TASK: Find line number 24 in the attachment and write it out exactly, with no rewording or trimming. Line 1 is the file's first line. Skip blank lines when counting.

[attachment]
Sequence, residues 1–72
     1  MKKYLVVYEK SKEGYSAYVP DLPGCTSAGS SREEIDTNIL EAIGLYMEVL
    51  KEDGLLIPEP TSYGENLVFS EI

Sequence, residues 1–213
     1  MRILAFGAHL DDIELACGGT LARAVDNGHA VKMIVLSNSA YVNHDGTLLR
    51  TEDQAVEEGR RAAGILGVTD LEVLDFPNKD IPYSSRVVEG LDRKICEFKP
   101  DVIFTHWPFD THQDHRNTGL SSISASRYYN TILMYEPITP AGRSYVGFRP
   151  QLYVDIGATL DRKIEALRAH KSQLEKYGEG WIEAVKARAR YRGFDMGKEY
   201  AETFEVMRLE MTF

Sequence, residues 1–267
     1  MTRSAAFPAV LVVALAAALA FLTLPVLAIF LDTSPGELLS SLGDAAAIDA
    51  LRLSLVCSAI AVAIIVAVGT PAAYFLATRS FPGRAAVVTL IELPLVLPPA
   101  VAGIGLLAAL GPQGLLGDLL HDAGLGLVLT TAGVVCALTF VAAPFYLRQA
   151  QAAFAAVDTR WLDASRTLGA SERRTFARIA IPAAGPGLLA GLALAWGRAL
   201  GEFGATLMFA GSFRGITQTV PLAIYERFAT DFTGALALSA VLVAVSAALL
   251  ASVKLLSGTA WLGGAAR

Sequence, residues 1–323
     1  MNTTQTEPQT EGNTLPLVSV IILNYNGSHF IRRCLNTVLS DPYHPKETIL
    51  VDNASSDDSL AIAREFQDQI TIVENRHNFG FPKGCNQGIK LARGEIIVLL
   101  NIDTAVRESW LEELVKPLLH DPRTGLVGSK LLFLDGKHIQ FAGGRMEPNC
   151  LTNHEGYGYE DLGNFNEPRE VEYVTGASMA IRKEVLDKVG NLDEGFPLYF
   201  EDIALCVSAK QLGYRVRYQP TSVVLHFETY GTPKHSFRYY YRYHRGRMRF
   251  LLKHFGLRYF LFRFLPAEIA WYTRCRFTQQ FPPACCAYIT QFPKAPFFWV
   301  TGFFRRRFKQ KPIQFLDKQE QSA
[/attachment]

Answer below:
   301  TGFFRRRFKQ KPIQFLDKQE QSA